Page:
More teens in the U.S. identify as transgender and gender-nonconforming than previously known, according to data from a recent study.
Published Monday in Pediatrics, the study, which surveyed 81,000 Minnesota teens between 9th and 11th grade, suggests that "nearly 3 percent" of teens identify as trans or gender-nonconforming. As the Associated Press reports, this latest study shows higher numbers than similar research published in January 2017 that suggested about 0.7 percent of 13-17 year olds in the U.S. don't identify with the sex they were assigned at birth, or found their identities outside the gender binary.
According to the Associated Press, experts hypothesize that increased visibility is helping more teens open up about their gender identity.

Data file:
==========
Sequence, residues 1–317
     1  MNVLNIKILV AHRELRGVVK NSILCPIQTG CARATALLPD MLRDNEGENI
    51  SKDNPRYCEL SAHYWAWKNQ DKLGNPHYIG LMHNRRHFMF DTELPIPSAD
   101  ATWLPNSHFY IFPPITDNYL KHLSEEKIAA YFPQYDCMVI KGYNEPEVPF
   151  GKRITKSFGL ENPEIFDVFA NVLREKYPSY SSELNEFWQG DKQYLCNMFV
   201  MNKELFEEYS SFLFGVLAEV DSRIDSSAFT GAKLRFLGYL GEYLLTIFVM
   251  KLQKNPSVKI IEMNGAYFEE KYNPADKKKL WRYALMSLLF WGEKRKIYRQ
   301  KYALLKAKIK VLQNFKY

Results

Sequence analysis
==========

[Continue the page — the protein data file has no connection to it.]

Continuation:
"Diverse gender identities are more prevalent than people would expect," lead author Nic Rider, a University of Minnesota postdoctoral fellow who studies transgender health, told the Associated Press. "With growing trans visibility in the United States, some youth might find it safer to come out and talk about gender exploration."
Research repeatedly shows that transgender and genderqueer students disproportionately experience bullying and harassment in school. While the data published in Pediatrics doesn't offer any solutions, increased understanding about the number of teens who identify as trans and genderqueer will hopefully lead to developing better, more effective policies for supporting them.
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